Massage Dog’s Lymphatics for Their Health and Happiness.
Our most recent YouTube video topic is: Massage Dog’s Lymphatics for Their Health and Happiness.
It is on our PetMassage Training and Research Institute YouTube channel. It is a little long, almost 10 minutes; and I think you’ll appreciate all the content that’s presented for you.
Here are the notes I made, preparing for the video shoot.
The Lymphatic System
An important part of the dog’s Autoimmune system.
What it is and why it’s important
The lymphatic system is a network of tissues and organs that help rid the body of toxins, waste and other unwanted materials. The primary function of the lymphatic system is to transport lymph, a fluid containing infection-fighting white blood cells, throughout the body.
Where it is and how to identify it
Lymph Nodes: There are about 600 lymph nodes in the human body. Since the anatomy and physiology of dogs is similar, we can project that dogs would have about the same number. These nodes act as filters for foreign particles and cancer cells. Lymph nodes swell in response to infection, due to a build-up of lymph fluid, bacteria, or other organisms. This is swelling, lymphedema.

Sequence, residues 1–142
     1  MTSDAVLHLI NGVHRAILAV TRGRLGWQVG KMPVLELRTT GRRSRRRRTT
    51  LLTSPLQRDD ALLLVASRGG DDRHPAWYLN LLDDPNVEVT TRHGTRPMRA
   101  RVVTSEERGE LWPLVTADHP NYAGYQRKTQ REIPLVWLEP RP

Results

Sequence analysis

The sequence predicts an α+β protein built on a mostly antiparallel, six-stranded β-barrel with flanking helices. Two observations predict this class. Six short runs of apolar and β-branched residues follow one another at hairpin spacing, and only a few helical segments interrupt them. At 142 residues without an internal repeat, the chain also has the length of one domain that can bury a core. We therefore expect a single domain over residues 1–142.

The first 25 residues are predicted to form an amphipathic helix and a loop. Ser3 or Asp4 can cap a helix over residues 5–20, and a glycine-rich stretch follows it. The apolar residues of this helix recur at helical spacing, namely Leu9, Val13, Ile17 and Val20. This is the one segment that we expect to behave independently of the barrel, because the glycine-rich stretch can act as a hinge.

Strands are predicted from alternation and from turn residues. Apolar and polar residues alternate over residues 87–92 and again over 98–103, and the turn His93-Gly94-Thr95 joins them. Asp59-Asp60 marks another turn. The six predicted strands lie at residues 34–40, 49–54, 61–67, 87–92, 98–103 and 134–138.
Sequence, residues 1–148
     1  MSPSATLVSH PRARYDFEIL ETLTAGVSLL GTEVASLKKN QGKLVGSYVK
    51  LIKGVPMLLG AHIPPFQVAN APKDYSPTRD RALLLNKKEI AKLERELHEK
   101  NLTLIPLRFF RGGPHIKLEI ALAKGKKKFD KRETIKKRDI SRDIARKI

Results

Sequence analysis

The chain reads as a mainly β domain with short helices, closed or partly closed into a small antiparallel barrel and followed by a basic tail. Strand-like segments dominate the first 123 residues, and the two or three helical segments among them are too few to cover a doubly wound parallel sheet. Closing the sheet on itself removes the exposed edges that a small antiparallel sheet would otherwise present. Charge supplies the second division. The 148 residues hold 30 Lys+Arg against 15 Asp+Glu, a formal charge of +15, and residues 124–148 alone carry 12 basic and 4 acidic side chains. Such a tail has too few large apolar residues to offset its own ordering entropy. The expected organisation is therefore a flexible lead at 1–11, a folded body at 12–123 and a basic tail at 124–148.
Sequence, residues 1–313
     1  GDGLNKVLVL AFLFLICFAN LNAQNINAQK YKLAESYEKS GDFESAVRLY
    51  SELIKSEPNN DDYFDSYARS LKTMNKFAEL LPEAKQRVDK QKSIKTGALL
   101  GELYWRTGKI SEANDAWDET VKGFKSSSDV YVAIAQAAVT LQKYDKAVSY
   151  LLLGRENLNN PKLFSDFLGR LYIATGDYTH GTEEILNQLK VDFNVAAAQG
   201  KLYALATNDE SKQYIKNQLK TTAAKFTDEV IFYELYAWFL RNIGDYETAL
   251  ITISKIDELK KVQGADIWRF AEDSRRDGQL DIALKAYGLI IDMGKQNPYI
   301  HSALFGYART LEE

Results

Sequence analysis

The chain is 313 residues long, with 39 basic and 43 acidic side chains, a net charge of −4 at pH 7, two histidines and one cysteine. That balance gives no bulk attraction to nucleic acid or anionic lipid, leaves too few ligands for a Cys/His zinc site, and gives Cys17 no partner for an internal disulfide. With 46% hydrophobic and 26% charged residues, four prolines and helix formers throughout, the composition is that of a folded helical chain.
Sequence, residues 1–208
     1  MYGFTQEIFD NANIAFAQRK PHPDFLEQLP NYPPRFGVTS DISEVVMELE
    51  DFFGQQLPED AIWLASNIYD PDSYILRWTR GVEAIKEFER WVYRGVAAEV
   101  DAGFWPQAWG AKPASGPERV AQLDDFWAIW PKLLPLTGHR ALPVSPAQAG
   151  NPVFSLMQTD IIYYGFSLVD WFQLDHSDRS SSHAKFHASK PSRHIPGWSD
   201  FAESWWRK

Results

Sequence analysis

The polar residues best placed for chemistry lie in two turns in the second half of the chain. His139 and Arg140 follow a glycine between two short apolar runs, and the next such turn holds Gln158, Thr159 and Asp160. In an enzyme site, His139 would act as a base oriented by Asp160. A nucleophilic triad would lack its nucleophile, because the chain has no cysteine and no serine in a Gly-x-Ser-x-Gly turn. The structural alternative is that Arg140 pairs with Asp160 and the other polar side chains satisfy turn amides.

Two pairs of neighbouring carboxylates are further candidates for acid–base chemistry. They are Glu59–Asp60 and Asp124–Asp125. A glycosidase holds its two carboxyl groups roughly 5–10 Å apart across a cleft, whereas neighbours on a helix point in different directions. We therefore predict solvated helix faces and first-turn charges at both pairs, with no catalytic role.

Locations of major nodes: Show where located, 5 main joints, thymus gland, spleen, and anterior spine.
How to move/drain/flush/ express lymph
Lymph nodes are just under the skin in the fatty tissue near the flexor sides of joints. Nodes are expressed as internal pressure changes. To alter pressures we just need to flex and extend limbs.
Demonstrate: Swing arms, lift knees, roll shoulders, turn head, bend from waist. All express the fluids in and around muscle attachment sites.
Demonstrate how little movement is needed to express lymph.
Lymphatic drainage to clear the supraclavicular area:
1 Begin by standing.
2 Cross your arms on your chest, with your hands resting just below the collarbones.
3 Then simply lift your elbows slowly. The muscle action is as much pressure as is required to prepare the area to flush lymphatic fluid.
Identify lymph nodes on dog
Show locations of major lymph nodes (5 main joints): submandibular, prescapular, axillary, inguinal, popliteal, along spine, plus thymus gland, spleen.
Moving lymph in PetMassage:
- Manual Manipulation:
Lift a limb, turn the head, mobilize the tail.
Assisted movement. Lifting shoulders and hips mobilizes the spine.